A new vision

Local artist and her father turn old Camas home into art studio, living space

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The Elida Field Art Studio & Gallery is located at 735 N.E. Sixth Ave., Camas.

For more information about upcoming workshops, art classes, art trips to Europe and other special events, visit or E-mail

Elida Field has long dreamed of having her own studio. The Camas artist has used her basement and leased in the past, but always desired her own, dedicated space.

So, when a friend in real estate suggested she fix up an old house on the edge of downtown Camas that was coming on the market, Field jumped at the opportunity.

“She said I should buy the house and remodel it to fit with the vision I had in mind,” Field said. “Use the top two floors for my home, and turn the downstairs into an art studio.”

Field and her father, Randy Bjur, made an offer the same day they looked at the house.

The Elida Field Art Studio & Gallery is located at 735 N.E. Sixth Ave., Camas.

For more information about upcoming workshops, art classes, art trips to Europe and other special events, visit or E-mail

“As soon as people realized it was for sale, 70 offers came in,” she said. “People love this house.”

After their offer was accepted, Field and Bjur began an extensive, nine-month remodel.

“My father has a lot of experience in new construction, but this was his first big remodel,” Field said. “We took out stairs to the basement so it could be a separate studio from my house and we added windows.”

There was extensive flood damage in the studio area, so much so that it basically had to be stripped down to the studs.

“It was an absolute disaster,” Field said. “You couldn’t even walk in here. We had a vision to clear it out and put a driveway outside. I wanted a lot of light down here and there was none. We co-designed a lot of things.”

French doors were added that lead to the outside of the studio, and an antique chandelier was installed in the porch area.

“My dad thought it was nuts,” she said with a smile. “But it turned out really nice.”

It wasn’t the first aspect of the remodel where father and daughter didn’t see eye-to-eye. Field wanted black doors with white trim, and the outside of the house painted a grey-green with black trim.

“I told him my paint colors as I was headed off to Italy and he was freaking out,” she joked.

On the main floor, a laundry room was created, the ceiling was lifted and the floor was dropped. Upstairs, a bathroom was added in an otherwise unusable space. Hallways were added, walls were knocked down, and new plumbing and electrical was created.

In November, the studio remodel was complete. Field is still planning to add a kitchen and complete work on the bathroom.

“It’s a wonderful space,” she said. “I’m looking forward to doing more classes and workshops.”

The house is still a work in progress, but is nearing completion.

Soon after Field began remodeling the home at Sixth Avenue and Garfield Street, her parents moved into a home on Seventh Avenue.

“My dad was remodeling this house and theirs at the same time,” she said. “He was not afraid to dive in.”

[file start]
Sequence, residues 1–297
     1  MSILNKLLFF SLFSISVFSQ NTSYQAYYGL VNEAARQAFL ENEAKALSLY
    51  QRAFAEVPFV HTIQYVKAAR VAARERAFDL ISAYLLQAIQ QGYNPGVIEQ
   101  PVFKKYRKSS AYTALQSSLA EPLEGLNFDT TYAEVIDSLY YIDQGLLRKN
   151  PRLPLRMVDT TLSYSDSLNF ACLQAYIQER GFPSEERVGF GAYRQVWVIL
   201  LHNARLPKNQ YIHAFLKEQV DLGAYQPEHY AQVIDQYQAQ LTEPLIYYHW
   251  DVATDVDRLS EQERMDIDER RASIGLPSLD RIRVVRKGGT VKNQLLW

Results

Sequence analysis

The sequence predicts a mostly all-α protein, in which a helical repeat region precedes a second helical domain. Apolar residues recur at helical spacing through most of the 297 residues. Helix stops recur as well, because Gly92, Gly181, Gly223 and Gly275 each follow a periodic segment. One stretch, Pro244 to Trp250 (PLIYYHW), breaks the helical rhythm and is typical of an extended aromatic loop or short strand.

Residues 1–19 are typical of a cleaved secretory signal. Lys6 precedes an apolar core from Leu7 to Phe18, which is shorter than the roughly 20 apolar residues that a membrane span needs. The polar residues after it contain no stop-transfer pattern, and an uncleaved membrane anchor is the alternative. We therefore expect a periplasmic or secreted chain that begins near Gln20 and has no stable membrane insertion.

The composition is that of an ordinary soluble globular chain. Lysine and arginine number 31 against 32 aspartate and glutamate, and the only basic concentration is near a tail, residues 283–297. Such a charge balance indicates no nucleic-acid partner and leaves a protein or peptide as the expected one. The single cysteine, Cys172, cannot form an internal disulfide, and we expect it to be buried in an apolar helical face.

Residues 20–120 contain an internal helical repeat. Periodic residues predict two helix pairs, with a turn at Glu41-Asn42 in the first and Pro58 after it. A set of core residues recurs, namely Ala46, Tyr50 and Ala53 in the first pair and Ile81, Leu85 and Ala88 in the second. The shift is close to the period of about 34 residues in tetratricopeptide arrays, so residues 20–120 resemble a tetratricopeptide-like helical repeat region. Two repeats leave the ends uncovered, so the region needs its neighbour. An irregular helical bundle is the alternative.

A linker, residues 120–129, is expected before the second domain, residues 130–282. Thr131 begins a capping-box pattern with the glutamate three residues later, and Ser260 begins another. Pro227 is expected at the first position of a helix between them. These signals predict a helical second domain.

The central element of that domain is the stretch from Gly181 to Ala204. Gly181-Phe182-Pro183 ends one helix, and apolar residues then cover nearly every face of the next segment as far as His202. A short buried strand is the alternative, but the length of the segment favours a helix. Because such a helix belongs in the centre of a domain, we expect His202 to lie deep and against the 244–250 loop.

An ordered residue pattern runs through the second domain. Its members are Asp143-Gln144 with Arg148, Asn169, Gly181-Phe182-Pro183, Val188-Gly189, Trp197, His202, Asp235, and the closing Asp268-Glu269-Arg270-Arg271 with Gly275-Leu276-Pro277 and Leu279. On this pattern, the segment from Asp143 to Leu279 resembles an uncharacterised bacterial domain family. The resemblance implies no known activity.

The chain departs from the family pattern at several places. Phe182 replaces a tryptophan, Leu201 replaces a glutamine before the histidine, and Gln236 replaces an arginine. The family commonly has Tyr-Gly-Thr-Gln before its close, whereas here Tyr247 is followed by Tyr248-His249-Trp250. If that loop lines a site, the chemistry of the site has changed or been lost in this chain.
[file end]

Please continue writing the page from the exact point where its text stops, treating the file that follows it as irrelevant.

Since the remodel, Field said that many people have dropped by to check out the studio and the house.

“They are curious,” she said. “We kept the original hardwoods, the original fireplace and the old steps to the top floor. These kinds of things keep the integrity of the home and people love this house.”

Field noted that since the remodel, business has doubled. Previously, her business was located on Cedar Street.

“It was great being in downtown Camas, but I think there is better visibility here,” she said. “I love what I do and where I am. People work their whole lives to do what I do. For me, it’s the perfect job. I get to be creative, teach and travel to Europe two to three times a year.”

Field offers art classes for both children and adults, as well as workshops with guest artists, birthday parties, bachelorette parties, baby showers and free demonstration nights. She also does commissioned paintings and individual consultations. Recently, she created an anniversary painting, using a sketch her client made. She also coordinates European tours, which include an artistic component.

“There is really no limit to what you can do with art,” Field said. “Ideally, I would love the space to be used as an art center for both adults and kids. I really like bringing in guest artists and having a mix of people here. There is nothing in my studio that can’t be touched. I want kids to be able to be comfortable here. It is a studio first and a gallery second.”

Field is also hoping to reach out to the teen population.

“There’s a real need to offer them options,” she said. “There’s not a lot out there right now.”

Having a vital art studio near the downtown core helps everyone, Field said.

“We all feed into each other,” she noted. “I can tell them where to get the best food in Camas, where the antique shops are at and where to get coffee. Everybody here helps each other. I can’t think of a better solution for the space here. It just fits. The studio is the studio, and the house is the house, but they are in the same location.”

When asked if she plans to do this for a lifetime, Field looks around her studio, a small smile playing at the corner of her lips.

“It’s not about how much money I make,” she said. “It’s about doing what I love. With art, I can merge my passion with my job.”